Editor's note: This review of the Dogs of the Dow and related mutual funds is part of a new partnership with Nightly Business Report, which provided additional insight during its broadcast (at about the 18 minute mark).The sidewalks are sizzling. The subways are steamy. The market is wilting. The dog days of summer are once again upon us. Time to see how the dogs of the Dow, and their mutual fund masters, are handling the heat. For those unfamiliar with the concept, the dogs of the Dow are not members of an index tracking pet stocks, but rather an investment strategy that advocates buying the 10 Dow Jones Industrial Average stocks with the highest dividend yields. Adherents to the dogs philosophy believe these beaten-down stocks -- remember, yield moves inversely to price -- are undervalued and due to rally. Typically, dog investors readjust their portfolios at the beginning of each calendar year. The daily progress of the dogs can be tracked on such websites as DogsoftheDow.com. This year's list includes AT&T ( T), Verizon ( VZ), DuPont ( DD), Kraft ( KFT), Merck ( MRK), Chevron ( CVX), McDonald's ( MCD), Pfizer ( PFE), Home Depot ( HD) and Boeing ( BA).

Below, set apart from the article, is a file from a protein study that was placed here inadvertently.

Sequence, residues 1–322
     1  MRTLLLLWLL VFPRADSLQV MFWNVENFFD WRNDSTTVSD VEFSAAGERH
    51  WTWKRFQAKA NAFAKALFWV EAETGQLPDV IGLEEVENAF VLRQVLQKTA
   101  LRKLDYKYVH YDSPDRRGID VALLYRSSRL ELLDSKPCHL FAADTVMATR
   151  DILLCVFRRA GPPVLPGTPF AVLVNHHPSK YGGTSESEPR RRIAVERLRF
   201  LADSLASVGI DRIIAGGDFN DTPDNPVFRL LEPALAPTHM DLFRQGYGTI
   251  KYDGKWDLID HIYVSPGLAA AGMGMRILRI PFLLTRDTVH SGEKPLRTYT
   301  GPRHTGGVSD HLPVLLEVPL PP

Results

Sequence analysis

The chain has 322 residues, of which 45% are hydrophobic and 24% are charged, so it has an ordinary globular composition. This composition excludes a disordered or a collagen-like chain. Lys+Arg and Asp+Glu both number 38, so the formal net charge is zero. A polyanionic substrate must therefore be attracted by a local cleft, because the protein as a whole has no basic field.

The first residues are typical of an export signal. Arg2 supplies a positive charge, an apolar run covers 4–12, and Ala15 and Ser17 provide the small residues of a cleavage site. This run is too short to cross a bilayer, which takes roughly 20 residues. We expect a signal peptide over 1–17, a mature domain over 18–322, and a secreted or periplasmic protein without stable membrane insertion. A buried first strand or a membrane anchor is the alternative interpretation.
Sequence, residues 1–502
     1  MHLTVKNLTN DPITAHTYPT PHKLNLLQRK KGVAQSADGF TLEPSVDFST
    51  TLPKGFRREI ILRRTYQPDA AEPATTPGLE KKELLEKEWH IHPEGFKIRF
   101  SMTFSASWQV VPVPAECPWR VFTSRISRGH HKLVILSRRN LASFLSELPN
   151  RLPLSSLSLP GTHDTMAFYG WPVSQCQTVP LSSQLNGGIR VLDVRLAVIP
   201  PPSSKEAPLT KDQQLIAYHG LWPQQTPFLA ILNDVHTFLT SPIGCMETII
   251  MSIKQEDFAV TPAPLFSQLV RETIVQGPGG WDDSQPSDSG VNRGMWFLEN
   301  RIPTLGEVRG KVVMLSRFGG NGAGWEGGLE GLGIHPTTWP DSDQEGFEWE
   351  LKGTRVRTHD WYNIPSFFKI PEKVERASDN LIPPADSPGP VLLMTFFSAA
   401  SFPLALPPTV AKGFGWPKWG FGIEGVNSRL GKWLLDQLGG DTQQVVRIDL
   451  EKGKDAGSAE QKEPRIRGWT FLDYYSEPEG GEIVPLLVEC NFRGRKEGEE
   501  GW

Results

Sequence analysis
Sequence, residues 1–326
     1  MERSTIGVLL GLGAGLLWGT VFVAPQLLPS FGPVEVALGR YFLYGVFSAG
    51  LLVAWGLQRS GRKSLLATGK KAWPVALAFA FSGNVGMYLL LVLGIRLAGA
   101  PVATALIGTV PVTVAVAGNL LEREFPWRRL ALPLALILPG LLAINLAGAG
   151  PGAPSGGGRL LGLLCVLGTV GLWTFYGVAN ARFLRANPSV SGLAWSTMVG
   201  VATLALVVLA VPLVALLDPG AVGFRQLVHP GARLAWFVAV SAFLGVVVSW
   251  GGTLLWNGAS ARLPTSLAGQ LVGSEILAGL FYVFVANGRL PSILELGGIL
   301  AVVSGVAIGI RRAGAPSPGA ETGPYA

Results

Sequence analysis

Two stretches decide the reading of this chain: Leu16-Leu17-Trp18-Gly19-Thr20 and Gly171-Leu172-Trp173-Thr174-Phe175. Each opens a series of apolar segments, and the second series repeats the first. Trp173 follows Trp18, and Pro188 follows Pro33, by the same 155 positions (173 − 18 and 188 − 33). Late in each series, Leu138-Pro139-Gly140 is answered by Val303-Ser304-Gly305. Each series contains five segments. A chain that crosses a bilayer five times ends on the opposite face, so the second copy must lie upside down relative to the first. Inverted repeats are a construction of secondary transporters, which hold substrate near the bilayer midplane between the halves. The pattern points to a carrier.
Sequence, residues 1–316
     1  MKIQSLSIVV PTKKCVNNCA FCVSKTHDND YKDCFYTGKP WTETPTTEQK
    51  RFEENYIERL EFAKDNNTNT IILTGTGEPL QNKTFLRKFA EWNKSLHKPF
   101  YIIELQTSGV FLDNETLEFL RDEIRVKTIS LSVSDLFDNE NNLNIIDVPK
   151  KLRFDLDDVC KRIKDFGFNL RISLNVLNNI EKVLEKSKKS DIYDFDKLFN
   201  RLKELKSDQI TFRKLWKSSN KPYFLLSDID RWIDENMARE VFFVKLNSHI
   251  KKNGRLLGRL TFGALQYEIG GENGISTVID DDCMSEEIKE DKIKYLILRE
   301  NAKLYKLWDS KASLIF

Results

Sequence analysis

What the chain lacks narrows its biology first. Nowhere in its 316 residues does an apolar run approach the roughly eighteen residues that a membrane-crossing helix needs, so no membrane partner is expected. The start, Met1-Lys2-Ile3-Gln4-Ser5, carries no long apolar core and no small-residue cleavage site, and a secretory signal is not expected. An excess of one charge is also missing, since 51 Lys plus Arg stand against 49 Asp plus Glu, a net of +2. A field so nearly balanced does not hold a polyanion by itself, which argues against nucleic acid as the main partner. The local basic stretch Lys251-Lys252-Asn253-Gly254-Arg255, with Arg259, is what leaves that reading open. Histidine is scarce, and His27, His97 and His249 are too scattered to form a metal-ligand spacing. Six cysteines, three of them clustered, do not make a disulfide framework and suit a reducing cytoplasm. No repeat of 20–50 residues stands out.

Mutual Fund Dog OwnersInvesting in the dogs is a relatively straightforward proposition for retail investors. Those who prefer to invest in the dogs through a mutual fund, however, can choose from a pair of funds, though neither invests its assets entirely in the 10 dog stocks. The $11.5 million Hennessy Balanced ( HBFBX) fund puts 50% of its assets in the dogs and the other half in one-year Treasury bills, while the $50 million Hennessy Total Return ( HDOGX) fund has a 75%-to-25% dogs-to-T-bills ratio. Hennessy's Balanced fund charges an expense ratio of 1.73%, while the Total Return's cost is 1.27% a year. Neither of the pair carries a sales load. Both are leading the indices year-to-date.
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